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[18:03:38] canton7: I think the trigger was written before github changed that


[21:05:01] canton7: pinky,


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[11:05:31] canton7: depesz, z.flat_map{ |k,v|{ |x| [x, k] }}.to_h
[11:06:37] canton7: you could have done it your way as well, but it's a bit neater to use .flatten(1) instead of .reduce(&:+)


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[19:42:20] canton7: comet23,{ |x| x[:name] }.include?("steven") or brothers.any?{ |x| x[:name] == "stephen" }


[11:36:54] canton7: old_relik, this is equivalent:


[16:49:57] canton7: *.net *.split


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[09:36:18] canton7: Tuor, don't use 'and', use '&&'
[09:36:42] canton7: line 33, you access `params['path']` a *lot*, which means a lot of hash lookups
[09:37:30] canton7: line 7, I'd make 'default_config_file_path' a constant
[09:38:16] canton7: personally as a user I'd expect some sort of warning or message if I supplied a path, but the code decides to ignore it for some reason
[10:06:24] canton7: Bish, the precedence is different. '&&' is meant for combining conditions, 'and' is meant for control flow
[10:06:47] canton7: `puts 1 > -1 and 257 < 256` #=> false, but `puts 1 > -1 && 257 < 256` #=> true


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[16:14:50] canton7: firstly, isn't being unique across your site enough? you don't need something that's globally unique - just something that doesn't already exits in your database. That's a much easier ask, as you can generate something, check if it's in your database, and if it is then generate something else
[16:15:18] canton7: secondly, can't you let users pick their own usernames? I know I wouldn't want the bit at the start of my email being my username - it's got my full name in it, and I don't want to share that with random people
[16:18:01] canton7: also it gives people an easy way to spam me - take the username, append popular email providers
[16:18:38] canton7: nah, this is only done on sign-up. that's rare.
[16:19:06] canton7: and doing a read on an indexed column like that is going to be *significantly* cheaper than inserting the username you finally decide on...
[16:19:41] canton7: and many times cheaper than fetching all of the information you'll need to show any page once they're logged in
[17:08:45] canton7: xco, use a do...while loop (well in ruby, it's begin ... end while)
[17:11:35] canton7: xco, begin email_prefix = ...... end until User.where(username: email_prefix).empty?
[17:12:20] canton7: actually, isn't that the same as your code? Are you sure you need line 4 in your gist at all?
[17:19:41] canton7: xco, no, you don't, it turns out
[17:20:21] canton7: wait, one sec
[17:21:30] canton7: xco, yeah, you can use begin email_prefix = ...... end until User.where(username: email_prefix).empty?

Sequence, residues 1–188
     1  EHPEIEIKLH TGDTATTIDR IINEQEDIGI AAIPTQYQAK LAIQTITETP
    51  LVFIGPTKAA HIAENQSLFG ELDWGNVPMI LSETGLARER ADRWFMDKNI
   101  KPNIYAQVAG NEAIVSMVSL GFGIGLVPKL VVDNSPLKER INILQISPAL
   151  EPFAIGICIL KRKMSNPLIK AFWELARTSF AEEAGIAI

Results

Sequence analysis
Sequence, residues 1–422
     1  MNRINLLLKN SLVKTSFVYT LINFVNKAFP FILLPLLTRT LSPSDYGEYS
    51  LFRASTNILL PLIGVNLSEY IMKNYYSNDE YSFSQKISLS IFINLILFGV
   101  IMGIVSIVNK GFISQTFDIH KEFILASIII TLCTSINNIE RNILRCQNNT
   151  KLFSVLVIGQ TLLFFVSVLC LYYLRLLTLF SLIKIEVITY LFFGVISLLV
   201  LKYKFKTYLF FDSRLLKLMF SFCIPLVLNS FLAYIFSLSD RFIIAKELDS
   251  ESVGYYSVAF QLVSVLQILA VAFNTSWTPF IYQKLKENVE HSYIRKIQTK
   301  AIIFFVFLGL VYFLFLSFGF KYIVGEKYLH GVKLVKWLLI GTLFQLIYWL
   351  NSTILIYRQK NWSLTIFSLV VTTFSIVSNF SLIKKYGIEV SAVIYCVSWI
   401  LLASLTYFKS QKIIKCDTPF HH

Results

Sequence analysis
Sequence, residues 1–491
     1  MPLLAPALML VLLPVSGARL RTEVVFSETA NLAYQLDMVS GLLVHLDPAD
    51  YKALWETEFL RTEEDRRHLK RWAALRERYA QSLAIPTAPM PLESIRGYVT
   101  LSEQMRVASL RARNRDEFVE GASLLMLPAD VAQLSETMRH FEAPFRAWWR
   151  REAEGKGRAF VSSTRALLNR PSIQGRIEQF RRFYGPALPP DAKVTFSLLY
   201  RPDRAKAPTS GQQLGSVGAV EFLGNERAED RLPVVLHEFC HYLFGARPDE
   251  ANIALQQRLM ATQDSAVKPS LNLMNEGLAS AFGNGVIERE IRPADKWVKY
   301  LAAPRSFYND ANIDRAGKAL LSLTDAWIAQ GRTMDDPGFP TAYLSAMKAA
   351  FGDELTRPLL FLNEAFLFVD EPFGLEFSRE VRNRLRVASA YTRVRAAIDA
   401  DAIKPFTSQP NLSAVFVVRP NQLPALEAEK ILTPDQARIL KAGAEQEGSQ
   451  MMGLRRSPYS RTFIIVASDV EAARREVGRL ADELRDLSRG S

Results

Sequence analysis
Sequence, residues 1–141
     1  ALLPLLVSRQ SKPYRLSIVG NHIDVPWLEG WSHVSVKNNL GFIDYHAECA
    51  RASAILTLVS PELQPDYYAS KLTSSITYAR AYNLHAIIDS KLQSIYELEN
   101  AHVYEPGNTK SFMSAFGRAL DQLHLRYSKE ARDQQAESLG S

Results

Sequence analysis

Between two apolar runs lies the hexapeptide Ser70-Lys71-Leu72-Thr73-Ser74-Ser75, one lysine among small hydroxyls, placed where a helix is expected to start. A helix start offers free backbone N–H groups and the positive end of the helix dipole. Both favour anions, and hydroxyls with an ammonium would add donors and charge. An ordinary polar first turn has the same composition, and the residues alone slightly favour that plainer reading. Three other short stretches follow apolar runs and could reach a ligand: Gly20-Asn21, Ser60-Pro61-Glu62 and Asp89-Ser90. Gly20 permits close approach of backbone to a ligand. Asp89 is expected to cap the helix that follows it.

[17:27:52] canton7: xco, wait, your code doesn't even work?
[17:29:12] canton7: commented, anyway
[17:38:53] canton7: what's the failure?


[16:57:34] canton7: Darmani, you need to parse the grade into the letter, and the '+' or '-'. First compare the letters. If they're the same, compare the '+' or '-'
[16:59:46] canton7: Darmani, again, you need to parse the grade into the letter, and the '+' or '-'. You don't parse out the letter.
[17:01:59] canton7: Darmani, shall I just keep repeating what I said? I don't think I'm getting anywhere here
[17:02:20] canton7: "Do it this way" "Yes, I'm doing it a different way" "I suggested doing it this way" "I know, I'm doing it a different way"
[17:03:22] canton7: well it really is as simple as I described. If you don't understand what I'm describing, ask: don't say "I came to the same conclusion"...
[17:04:50] canton7: I said to parse out the letter and the symbol. *first* compare the letters, *then* if the letters are the same, look at the symbols
[17:05:13] canton7: so step 1: create variables containing the letter, and the symbol
[17:05:25] canton7: step 2: compare the variables containing *just* the letters. No symbols.
[17:05:40] canton7: step 3: *if* and only if the letters match, then compare the variables containing *just* the symbols
[17:07:22] canton7: Yes. If the letters are *not* the same, return -1 or 1 as appropriate. If the letters are the same, compare the symbols and return -1, 0, or 1 as appropriate
[17:30:48] canton7: Darmani,
[17:33:42] canton7: and if you're serious about the money: :)
[17:56:32] canton7: that's a classic programming problem
[17:56:41] canton7: comes up in all sorts of online code challenge thingies
[17:58:05] canton7: which variant of the problem is yours?
[17:59:20] canton7: iirc they're all slightly gnarly
[17:59:40] canton7: oh, longest repeating substring, not longest substring without repeating characters
[18:00:23] canton7: you can do it yourself, by hand, right?
[18:02:16] canton7: do it by hand, with pencil and paper. Then analyze how you did it